Torsten Frank
deutsch english home Neues und Infos zur Site Tips, Nützliches und Links Foto-Gallerie Mountainbike-Sektion
Astrofotos mit normalen KamerasAusrüstung und TechnikFotolinksFotoversender

Here I would like to present a small compilation of my astro photography. All of which were made with a normal SLR camera. Even without telescopes and expensive motor driven mounts one can gather quite a few nice pictures of the night sky and wet ones appetite maybe to get some serious equipment.

The pictures show the great comet of 1997 - Hale-Bopp. That is driven by the fact, that such a display is of course a splendid reason to make widefield astro photos. This comet founded also the motivation to photograph the night sky more often.

Komet Hale-BoppThe photo to the left shows comet Hale-Bopp, taken 07th April 1997 at 20:35h (ut) with a 28-70 mm Zoom set to 70 mm and f /3.5.

Film used is Fuji Sensia 100, pushed to ISO 200. Pushing means nothing more than to use an exposure setting for a film with higher speed and have this corrected at the processing. The photo got exposed for 10 Minutes. As you can see, the stars and the comet tack sharp.

This result can only be achieved with some kind of mount which compensates for the earth's rotation. With a fixed tripod setting, the picture below would be the result. All elements in the frame are depicted as streaks.

So, first I said you won't need special equipment and then I show you a photo which was made with some kind of special equipment? Yes - but such a mount which I used for this photo (a barndoor mount) is easy and cheep to build. Further below on this page, I have added an instruction on how to build such a simple, handdriven barndoor.

Hale-Bopp Trails

As stated before, the picture to the right shows the result of a longer exposure over several minutes, made with a tripod. This is also good for nice photos. Exposure dates: 31th March 1997, 50 mm Lens, f/2.8, 12 Minutes.

A more classical version of such star trail photography can be seen in the Photo Gallery. To get a start search a horizon which makes for some neat silhouette, set the focus to infinity and open the shutter for at least 30 minutes to several hours. The camera should be mounted to a real sturdy tripod and there should be not that much wind (in case of not so sturdy a tripod or tree silhouettes as horizon). The maximum possible exposure time is also a question of the light pollution of your photo location. That means that in or near a city shorter exposures can be made than in rural areas before the sky background gets to bright.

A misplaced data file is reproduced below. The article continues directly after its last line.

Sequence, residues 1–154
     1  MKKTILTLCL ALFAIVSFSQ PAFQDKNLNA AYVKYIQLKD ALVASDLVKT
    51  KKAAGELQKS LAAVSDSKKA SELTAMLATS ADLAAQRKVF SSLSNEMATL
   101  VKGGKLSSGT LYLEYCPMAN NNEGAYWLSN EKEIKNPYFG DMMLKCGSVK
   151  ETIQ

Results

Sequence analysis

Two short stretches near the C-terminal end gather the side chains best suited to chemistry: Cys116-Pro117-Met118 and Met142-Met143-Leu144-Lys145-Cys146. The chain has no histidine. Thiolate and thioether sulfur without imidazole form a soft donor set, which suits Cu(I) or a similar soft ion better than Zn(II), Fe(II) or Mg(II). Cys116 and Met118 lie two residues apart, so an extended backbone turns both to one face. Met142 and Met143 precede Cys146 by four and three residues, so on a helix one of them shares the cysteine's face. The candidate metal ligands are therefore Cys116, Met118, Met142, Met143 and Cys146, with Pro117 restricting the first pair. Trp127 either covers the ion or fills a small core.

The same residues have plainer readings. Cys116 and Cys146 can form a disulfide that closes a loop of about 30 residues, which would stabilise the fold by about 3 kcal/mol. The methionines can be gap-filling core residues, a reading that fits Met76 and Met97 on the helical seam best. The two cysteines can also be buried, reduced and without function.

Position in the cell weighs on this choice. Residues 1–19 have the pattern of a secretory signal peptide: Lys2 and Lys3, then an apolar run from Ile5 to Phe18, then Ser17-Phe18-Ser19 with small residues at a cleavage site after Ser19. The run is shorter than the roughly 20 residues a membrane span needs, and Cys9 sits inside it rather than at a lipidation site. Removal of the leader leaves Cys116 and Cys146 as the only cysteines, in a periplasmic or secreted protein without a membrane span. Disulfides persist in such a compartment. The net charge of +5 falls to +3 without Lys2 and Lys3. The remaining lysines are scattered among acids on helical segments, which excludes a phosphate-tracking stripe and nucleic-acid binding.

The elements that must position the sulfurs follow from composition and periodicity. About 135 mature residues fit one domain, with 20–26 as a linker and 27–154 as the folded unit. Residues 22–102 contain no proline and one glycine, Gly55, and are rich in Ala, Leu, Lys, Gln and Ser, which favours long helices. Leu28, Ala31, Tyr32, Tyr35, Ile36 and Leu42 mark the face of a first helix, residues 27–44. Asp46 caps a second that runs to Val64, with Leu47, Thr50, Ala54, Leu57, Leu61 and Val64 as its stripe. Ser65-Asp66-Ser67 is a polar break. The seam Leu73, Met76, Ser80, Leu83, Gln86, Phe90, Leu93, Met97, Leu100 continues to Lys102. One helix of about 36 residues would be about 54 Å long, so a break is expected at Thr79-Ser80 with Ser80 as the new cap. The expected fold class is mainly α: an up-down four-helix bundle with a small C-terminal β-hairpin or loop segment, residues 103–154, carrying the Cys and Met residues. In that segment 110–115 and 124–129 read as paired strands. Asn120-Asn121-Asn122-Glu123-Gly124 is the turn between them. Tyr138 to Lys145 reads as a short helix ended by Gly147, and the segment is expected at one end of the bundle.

With astro photography more than with any other type of photography one should not be satisfied with the result of the developed film in the first step. The processing with an image processing software like e.g. Adobe Photoshop, Paintshop Pro or other is more or less mandatory. Normally all of my pictures are direct scans from slide film - either via Kodak Photo CD service or for my newer work with personal high quality desktop slide scanners.

To make my point, here a short example what result is shown on a normal print from a commercial lab (here directly from the negative film) - Picture 1 - and what can be achieved with some little tweakings with an image processing software. Picture 2 shows the result of applying unsharp mask filter and adjusting curves. For Picture 3 the previous one got enhanced with a contrast mask and the result was stacked twice. This picture got then brightened with the blue channel of this picture only (which shows the most detail of the blue plasma tail) and the result is shown in Picture 4.

Photographed 01st April1997 at 21:40h (ut) with a 70-200 mm Zoom, set to 200 mm, f/2.8 on Fuji Super G+800, 8 Min. tracked with handdriven Barn-Door-Mount

A homemade Barndoor

To capture long exposures of the night sky with pinpoint sharp stars, one needs some kind of mount which compensates for the earth's rotation. Because otherwise the stars would be captured more or less in form of trails rather than points.

The simplest and cheapest possibility is to build a so called Barndoor, also known as Scotch Mount.